Monday, June 2, 2008

Fashion News: Gap Has a New Head Designer

Gap- The Iconic American fashion retailer has gone down in sales. This is major because the Gap is perhaps the most important fashion retailer in the country. With the switch from the classic look of the 90’s to the ultra trendy look of the new millennium the gap has not been as relevant as it was once was. From 1989 to 2001, the Gap triumphed over the competition largely due to their broad appeal to all Americans and their affordable prices. They also have great sales. However with stores such as H&M, Forever21, Urban Outfitters, and Wet Seal, their appeal was much more fashion forward than the Gaps. Consequently these stores garnered many of the Gap’s loyal consumers and the Gap brand suffered.

To augment what should be the best American Fashion can offer, the gap has enlisted Patrick Robinson as the new head of Design. Robinson has been employed by many fashion houses in New York, Milan, and Paris (Anne Klein, Giorgio Armani, Perry Ellis, Paco Rabbane). He has also had his own line. Vogue has stated “ Robinson’s office s as spacious as befits the magnitude of what is probably the most socially significant fashion job in the United States”.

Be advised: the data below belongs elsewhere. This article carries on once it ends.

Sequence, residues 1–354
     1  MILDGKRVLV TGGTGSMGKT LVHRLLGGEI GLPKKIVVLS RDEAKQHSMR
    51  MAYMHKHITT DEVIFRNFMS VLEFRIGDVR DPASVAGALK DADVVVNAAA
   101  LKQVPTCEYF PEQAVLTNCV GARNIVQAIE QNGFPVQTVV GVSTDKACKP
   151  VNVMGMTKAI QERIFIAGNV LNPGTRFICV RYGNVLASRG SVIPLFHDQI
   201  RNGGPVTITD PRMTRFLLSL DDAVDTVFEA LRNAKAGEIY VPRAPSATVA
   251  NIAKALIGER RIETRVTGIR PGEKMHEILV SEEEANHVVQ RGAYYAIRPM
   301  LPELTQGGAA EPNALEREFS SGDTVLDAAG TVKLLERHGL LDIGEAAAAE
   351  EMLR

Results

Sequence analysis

He has an extremely difficult task ahead of him. Personally I only go the Gap to see if they have underwear on sale and that is it unfortunately. Denim is the most important item for the Gap to sale and no premium denim is the denim to have. Jeans, which cost $150.00 and up as opposed to Gap jeans costing $24.99. What does Robinson have to say about the competition? “ We’re different, we’re truly about classics and reinventing, say the puffer in gray flannel or that flared chino-classic American things I love. Its not disposable fashion”. That was such a jab at H&M.

Well we can compare and contrast all day, but right now H&M is the store to beat. I’ll buy from there before I but from the Gap on any day. Maybe having a bug name designer, as the head of design will bring the Gap back to their iconic status and make the store relevant to today’s generation.

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